of market psychology on it, we can visualize the perspectives of medical education.
A country of the size and complexity of Russia has diverse needs. It is likely that having provided an effective, easily accessible and comprehensive health care system, there is a need to provide greater flexibility so that individual areas can develop services for their own needs. Any particular health system cannot be transferred to another country. Moreover, some elements of the health care system may need to be specifically adapted to different regions within the country itself.
In developing this more flexible service, consideration must be given to holding down costs, maintaining equity, and constantly improving the quality of the service. There is an attempt to move toward a pluralistic approach operating in the conditions of a market economy. At the same time, market forces on their own, although they will make the service responsive to individually perceived needs, will not necessarily hold down costs, maintain equity or improve quality. This is partly because health cannot be a subject of the market in any real economic sense.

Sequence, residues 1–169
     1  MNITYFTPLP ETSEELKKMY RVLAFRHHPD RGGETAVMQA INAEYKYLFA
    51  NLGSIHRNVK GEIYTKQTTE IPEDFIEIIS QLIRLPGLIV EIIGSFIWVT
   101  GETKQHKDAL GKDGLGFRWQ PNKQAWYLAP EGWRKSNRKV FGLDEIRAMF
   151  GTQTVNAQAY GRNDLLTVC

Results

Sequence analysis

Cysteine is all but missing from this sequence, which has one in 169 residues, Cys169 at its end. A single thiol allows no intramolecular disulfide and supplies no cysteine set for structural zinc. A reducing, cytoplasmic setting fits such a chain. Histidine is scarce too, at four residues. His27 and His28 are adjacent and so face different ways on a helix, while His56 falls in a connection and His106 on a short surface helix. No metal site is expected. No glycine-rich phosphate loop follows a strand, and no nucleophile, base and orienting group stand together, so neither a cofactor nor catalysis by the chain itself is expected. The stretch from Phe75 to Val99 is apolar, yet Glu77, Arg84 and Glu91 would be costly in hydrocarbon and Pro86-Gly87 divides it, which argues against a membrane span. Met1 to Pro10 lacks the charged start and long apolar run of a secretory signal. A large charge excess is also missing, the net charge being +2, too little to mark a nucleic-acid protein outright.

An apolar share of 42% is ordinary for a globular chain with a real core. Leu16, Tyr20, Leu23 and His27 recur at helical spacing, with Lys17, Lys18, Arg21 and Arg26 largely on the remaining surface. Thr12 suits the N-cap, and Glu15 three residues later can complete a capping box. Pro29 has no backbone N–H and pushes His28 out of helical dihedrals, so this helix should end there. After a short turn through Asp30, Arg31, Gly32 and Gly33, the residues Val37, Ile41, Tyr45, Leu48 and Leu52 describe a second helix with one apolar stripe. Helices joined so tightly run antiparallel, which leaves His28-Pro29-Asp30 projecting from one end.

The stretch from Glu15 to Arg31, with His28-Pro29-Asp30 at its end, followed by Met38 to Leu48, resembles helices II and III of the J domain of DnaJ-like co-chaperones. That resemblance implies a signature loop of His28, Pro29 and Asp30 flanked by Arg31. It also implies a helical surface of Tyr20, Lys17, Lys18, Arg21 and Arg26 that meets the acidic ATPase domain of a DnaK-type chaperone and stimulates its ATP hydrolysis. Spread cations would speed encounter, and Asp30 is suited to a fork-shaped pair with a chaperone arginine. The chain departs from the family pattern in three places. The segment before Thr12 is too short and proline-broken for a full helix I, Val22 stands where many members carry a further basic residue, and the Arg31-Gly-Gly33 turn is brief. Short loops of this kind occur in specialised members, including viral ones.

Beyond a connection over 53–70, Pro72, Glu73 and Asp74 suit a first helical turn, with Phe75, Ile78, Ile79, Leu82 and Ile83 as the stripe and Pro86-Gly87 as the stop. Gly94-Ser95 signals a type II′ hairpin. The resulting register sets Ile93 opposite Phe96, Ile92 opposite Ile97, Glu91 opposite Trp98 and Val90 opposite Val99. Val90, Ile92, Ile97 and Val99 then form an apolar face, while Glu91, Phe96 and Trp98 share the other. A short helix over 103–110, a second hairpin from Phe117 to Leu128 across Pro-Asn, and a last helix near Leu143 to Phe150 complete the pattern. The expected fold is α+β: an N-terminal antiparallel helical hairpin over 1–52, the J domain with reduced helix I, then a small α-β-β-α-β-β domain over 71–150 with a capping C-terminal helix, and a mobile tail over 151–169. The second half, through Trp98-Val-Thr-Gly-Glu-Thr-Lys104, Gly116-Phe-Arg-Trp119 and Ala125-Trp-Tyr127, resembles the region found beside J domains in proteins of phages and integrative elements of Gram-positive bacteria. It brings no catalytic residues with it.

In these circumstances there is a need to revise the role of central authorities in monitoring standards, evaluating the services, and stimulate new developments. This will enable firm, validated suggestions on improvement to be made. It is essential to underline also the role of central authorities in monitoring and influencing changes in the undergraduate, postgraduate and continuing education of doctors that will ensure that they are in a position to provide a high quality service.
The future of the health system, biomedical research and medical education are inextricably linked with the economical situation in the country. If, for example, substantial additional finding were not forthcoming for the state health care system managed by the Ministries of Health, innovative financing and reorganization of resources alone would not substantially improve the quality of the system. Conversely, even if the Ministries of Health were infused with increased funding, if the ideological vision of high-quality free health care for all were diluted, there would remain the potential for the rise of a multitiered system of health care.
This leads to the conclusion that what we have today may not be perfect. In other words, in order to achieve the impossible, we have to see the invisible. This is the only real way toward the progress.
Vartanian F. E. 1993. "Continuing medical education and its management". Journal of Management in Medicine 7( 2):29-24.
-----. 1988. "Information technologies: Their inevitable impact on CME (Illusions, realities, perspectives)". Journal of Continuing Education in the Health Professions 8:313-319.
-----. 1987. Continuing medical education in the Union of the Soviet Socialist Republics. JAMA 258(11 September):1358-1360.